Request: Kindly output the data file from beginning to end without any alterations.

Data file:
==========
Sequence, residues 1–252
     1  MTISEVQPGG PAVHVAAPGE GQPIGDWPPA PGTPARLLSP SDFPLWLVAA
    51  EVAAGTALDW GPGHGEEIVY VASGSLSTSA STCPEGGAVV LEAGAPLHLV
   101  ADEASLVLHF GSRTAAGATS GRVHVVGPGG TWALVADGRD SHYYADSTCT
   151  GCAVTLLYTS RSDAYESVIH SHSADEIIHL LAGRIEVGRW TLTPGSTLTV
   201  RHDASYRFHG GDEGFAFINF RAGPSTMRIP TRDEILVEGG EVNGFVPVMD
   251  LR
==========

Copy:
Sequence, residues 1–252
     1  MTISEVQPGG PAVHVAAPGE GQPIGDWPPA PGTPARLLSP SDFPLWLVAA
    51  EVAAGTALDW GPGHGEEIVY VASGSLSTSA STCPEGGAVV LEAGAPLHLV
   101  ADEASLVLHF GSRTAAGATS GRVHVVGPGG TWALVADGRD SHYYADSTCT
   151  GCAVTLLYTS RSDAYESVIH SHSADEIIHL LAGRIEVGRW TLTPGSTLTV
   201  RHDASYRFHG GDEGFAFINF RAGPSTMRIP TRDEILVEGG EVNGFVPVMD
   251  LR